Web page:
CREDIT: UC San Diego Health
For the first time, researchers at University of California San Diego School of Medicine and Imperial College London, with international collaborators, have determined that Kawasaki Disease (KD) can be accurately diagnosed on the basis of the pattern of host gene expression in whole blood. The finding could lead to a diagnostic blood test to distinguish KD from other infectious and inflammatory conditions.
Results of the international study published on August 6 in JAMA Pediatrics.
Kawasaki disease is the most common acquired heart disease in children. Untreated, roughly one-quarter of children with KD develop coronary artery aneurysms—balloon-like bulges of heart vessels—that may ultimately result in heart attacks, congestive heart failure, or sudden death.
"As there is no diagnostic test for Kawasaki disease, late diagnosis often results in delayed or missed treatment and an increased risk of coronary artery aneurysms," said Jane C. Burns, MD, pediatrician at Rady Children's Hospital-San Diego and director of the Kawasaki Disease Research Center at UC San Diego School of Medicine. "We sought to identify a whole blood gene expression signature that distinguishes children with KD in the first week of illness."
Researchers used a case-control approach, including children recruited in hospitals in the United Kingdom, Spain, Netherlands, and US, with KD or similar illnesses. The majority of study participants with KD came from Rady Children's Hospital-San Diego. The overall study group comprised 404 children with infectious and inflammatory conditions (78 KD, 84 other inflammatory diseases, 242 bacterial or viral infections) and 55 healthy controls.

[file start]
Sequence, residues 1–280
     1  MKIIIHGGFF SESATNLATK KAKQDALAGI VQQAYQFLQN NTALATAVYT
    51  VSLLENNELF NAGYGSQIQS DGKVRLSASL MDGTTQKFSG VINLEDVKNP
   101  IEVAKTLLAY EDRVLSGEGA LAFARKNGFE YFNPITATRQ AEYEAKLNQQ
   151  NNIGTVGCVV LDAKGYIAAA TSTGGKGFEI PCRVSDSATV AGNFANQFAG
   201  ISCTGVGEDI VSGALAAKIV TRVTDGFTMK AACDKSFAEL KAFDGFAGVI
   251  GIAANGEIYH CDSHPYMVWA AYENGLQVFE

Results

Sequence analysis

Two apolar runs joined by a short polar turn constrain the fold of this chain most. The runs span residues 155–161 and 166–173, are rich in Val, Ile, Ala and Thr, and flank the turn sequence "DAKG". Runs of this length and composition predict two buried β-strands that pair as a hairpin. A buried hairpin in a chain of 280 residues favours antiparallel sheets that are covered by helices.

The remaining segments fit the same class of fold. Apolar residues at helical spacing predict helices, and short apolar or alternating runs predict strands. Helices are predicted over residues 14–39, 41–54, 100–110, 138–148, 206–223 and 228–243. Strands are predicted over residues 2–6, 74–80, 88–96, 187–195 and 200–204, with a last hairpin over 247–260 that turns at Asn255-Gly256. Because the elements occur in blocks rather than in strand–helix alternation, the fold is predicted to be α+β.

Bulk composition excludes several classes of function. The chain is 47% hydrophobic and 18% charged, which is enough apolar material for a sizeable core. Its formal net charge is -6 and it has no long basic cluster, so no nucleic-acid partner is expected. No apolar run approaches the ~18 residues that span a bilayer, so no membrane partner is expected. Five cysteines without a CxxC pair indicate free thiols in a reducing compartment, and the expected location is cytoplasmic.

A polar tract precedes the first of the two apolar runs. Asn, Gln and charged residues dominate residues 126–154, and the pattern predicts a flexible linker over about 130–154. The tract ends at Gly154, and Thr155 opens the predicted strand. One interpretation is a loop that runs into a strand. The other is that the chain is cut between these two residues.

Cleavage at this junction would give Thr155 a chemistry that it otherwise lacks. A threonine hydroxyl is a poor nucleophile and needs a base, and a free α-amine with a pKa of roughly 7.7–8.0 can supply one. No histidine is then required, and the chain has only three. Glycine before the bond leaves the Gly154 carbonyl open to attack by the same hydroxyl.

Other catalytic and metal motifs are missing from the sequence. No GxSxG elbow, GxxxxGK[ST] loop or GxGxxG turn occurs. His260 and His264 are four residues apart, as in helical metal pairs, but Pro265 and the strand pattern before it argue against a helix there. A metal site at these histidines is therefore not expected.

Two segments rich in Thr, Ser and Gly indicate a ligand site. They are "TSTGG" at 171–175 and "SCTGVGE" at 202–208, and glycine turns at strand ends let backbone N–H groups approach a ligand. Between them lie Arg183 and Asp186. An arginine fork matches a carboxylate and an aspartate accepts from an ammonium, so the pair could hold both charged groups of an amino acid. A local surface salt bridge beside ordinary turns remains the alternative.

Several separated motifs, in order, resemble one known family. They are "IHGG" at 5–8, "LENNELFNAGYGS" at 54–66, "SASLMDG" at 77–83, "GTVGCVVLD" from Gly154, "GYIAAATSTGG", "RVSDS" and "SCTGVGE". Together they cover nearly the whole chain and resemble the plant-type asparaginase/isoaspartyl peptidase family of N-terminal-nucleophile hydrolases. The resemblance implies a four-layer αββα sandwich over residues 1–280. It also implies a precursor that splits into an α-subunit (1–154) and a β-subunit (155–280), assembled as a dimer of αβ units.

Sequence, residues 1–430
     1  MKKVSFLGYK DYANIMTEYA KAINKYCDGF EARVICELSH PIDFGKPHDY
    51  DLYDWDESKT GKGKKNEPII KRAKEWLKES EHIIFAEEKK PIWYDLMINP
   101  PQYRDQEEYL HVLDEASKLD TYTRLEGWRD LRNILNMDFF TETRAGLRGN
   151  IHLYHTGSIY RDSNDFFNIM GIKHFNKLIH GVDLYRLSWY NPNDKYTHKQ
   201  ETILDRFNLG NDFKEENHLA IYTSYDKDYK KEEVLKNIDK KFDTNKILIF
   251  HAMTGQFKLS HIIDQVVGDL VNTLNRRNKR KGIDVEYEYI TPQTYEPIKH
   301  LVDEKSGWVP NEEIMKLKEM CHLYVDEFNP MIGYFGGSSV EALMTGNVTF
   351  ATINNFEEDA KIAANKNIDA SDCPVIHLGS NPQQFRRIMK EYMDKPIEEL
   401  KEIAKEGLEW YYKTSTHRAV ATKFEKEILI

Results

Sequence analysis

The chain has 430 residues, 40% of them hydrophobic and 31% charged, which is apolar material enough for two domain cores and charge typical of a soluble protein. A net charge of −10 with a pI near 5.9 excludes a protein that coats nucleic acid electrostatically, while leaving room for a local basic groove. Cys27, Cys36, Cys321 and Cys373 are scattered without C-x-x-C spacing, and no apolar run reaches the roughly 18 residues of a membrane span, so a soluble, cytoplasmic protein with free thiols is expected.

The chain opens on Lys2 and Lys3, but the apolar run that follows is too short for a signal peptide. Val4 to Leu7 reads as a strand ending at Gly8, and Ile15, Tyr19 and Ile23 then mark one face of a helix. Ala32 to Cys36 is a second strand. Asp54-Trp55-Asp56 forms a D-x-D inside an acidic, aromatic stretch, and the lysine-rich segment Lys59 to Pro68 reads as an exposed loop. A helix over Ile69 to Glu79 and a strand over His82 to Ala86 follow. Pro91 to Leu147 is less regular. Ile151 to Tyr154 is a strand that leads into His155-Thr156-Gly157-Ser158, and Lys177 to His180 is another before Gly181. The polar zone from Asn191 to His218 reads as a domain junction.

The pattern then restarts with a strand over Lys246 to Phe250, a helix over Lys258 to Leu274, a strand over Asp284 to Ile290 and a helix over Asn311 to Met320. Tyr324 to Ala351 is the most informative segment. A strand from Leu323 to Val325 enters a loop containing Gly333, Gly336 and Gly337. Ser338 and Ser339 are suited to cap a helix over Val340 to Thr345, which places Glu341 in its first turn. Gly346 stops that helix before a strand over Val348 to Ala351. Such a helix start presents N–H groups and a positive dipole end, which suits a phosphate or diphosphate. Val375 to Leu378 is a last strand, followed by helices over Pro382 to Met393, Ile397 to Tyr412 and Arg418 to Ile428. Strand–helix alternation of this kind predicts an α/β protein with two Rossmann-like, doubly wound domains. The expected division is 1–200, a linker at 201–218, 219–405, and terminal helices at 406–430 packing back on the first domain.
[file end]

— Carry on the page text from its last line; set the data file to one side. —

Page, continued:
The researchers looked for tell-tale transcription in blood samples. Transcription is the first step in gene expression, in which information from a gene is used to construct a functional product, such as a protein.
"A 13-transcript blood gene expression signature distinguished KD from the range of infectious and inflammatory conditions with which it is often clinically confused," said Burns. "A test incorporating the 13-transcripts might enable earlier diagnosis and treatment of KD, preventing cardiac complications and reducing inappropriate treatment in those with other diseases. Our findings represent a step toward better diagnosis based on molecular signatures rather than clinical criteria."
Burns said there is currently no point-of-service test for KD. Engineers will have to devise a blood testing method that can be adapted to the emergency department or hospital lab setting to help bring these research findings into practice.
"We are already in discussions with a number of biotechnology companies that might help us turn our gene signature into a test," said Michael Levin, Professor of Paediatrics & International Child Health at Imperial College. "An accurate test for KD could prevent many children worldwide from being diagnosed too late to prevent coronary artery damage. If we can develop a test based on our gene signature, this could transform diagnosis and enable early treatment of children affected by the disease."
Prevalence rates of KD are increasing among children in Asia. Japan has the highest incidence rate, with more than 16,000 new cases per year. One in every 60 boys and one in every 75 girls in Japan will develop KD during childhood.
Incidence rates in the U.S. are lower—19 to 25 cases per 100,000 children under age age—but it is rising, at least in San Diego County. Predictive models estimate that by 2030, 1 in every 1,600 American adults will have been affected by the disease.